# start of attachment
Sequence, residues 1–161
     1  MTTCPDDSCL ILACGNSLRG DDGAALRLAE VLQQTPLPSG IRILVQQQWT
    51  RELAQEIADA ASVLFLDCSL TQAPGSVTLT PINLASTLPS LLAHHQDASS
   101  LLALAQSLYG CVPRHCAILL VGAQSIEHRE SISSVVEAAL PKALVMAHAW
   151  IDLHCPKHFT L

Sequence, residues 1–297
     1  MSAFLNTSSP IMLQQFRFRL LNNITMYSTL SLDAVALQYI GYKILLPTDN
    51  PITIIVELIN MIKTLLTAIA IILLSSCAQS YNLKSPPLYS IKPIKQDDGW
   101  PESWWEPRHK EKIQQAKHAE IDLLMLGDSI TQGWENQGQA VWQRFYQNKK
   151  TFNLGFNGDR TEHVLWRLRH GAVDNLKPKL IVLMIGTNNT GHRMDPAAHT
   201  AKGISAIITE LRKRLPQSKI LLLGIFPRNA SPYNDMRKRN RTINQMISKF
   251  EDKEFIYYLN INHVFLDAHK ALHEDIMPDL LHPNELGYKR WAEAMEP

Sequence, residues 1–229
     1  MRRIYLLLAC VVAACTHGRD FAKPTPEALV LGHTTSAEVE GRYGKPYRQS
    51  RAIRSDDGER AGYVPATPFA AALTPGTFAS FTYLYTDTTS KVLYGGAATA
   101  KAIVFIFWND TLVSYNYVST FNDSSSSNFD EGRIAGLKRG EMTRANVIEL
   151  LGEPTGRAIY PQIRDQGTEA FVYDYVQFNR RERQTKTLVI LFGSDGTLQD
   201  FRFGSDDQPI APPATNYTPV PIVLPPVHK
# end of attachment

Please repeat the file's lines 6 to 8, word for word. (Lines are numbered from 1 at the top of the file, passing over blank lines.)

Sequence, residues 1–297
     1  MSAFLNTSSP IMLQQFRFRL LNNITMYSTL SLDAVALQYI GYKILLPTDN
    51  PITIIVELIN MIKTLLTAIA IILLSSCAQS YNLKSPPLYS IKPIKQDDGW